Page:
Everyone knows that humans have triumphed in landing on the moon, but not many people seem to realize that just a few days ago, we succeeded in landing on the Red Planet. A lander (the InSight), after a long time of preparation by scientists, launched from California and into its six-month journey to Mars in order to study the planet. After a long and perilous flight, InSight touched down, and NASA is anxious to begin procedures.
Before even thinking of launching the spacecraft, there were several workshops held for the thinkers behind the feat to discuss a landing location. They deliberated for a long time about several potential places, all of them situated somewhere in the plains of Elysium Planitia.
There were a few requirements for the location which had to be met for InSight to be able to carry out its research. Firstly, the position had to provide warmth and power, so it had to be close to the equator. Secondly, it had to be a place with quite low elevation for a safe landing; to slow down, the Insight needs an adequate amount of atmosphere. Another vital condition was soil-like, not rocky, ground as to let InSight’s heat-flow probe penetrate deep enough —ten to sixteen feet — to obtain Mars’ temperature levels.
On May 5th of this year, InSight launched from Vandenberg Air Force Base on California’s coast in the early hours of the morning and began heading east. NASA launched it from there because the traveling the direction of the Earth’s rotation adds momentum. The journey of about 301 million miles would take six intense months in which roughly six trajectory adjustments would be made by the team on Earth.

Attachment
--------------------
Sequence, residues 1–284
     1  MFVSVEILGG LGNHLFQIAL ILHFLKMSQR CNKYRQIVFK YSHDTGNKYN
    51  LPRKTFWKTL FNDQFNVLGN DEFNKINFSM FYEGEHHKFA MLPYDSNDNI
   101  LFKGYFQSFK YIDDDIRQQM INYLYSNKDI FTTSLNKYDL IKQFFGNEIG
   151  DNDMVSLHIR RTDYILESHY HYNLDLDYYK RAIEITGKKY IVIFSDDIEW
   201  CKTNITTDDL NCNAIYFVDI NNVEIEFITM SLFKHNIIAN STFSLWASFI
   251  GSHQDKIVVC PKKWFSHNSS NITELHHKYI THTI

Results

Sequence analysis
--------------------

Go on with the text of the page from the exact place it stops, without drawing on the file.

InSight arrived at the Red Planet on November 26th.
The lander, kept in a precautionary aeroshell during the flight, detached from its carrier spacecraft and landed safely, to the team’s exhilaration, in the flat, smooth, rust-colored plains of Elysium Planitia. The team can now begin to “take the ‘vital signs’ of Mars.” After a few weeks of InSight settling in, it will employ a seismometer, which measures movement of the ground (seismic waves, or, in extreme form, earthquakes), and soon after, will utilize its heat-sensing probes. From there, routine operations will begin.
This accomplishment is revolutionary for America and the world, and this isn’t even close to the end of it. NASA, invigorated by the fresh success, already has plans for another, further investigation of Mars set very soon — 2020. They plan to explore the planet with a new, more exciting, life-based plan that will “employ new scientific instrumentation in order to seek signs of past life in situ, select and store a suite of samples in a returnable cache, and demonstrate technology for future robotic and human exploration of Mars,” (Mars 2020 Mission 3). The InSight landing, even with all the planning, engineering, work, and direction that went into its successful establishment, is just the beginning of our robotic exploration and, maybe one day, human habitation of space.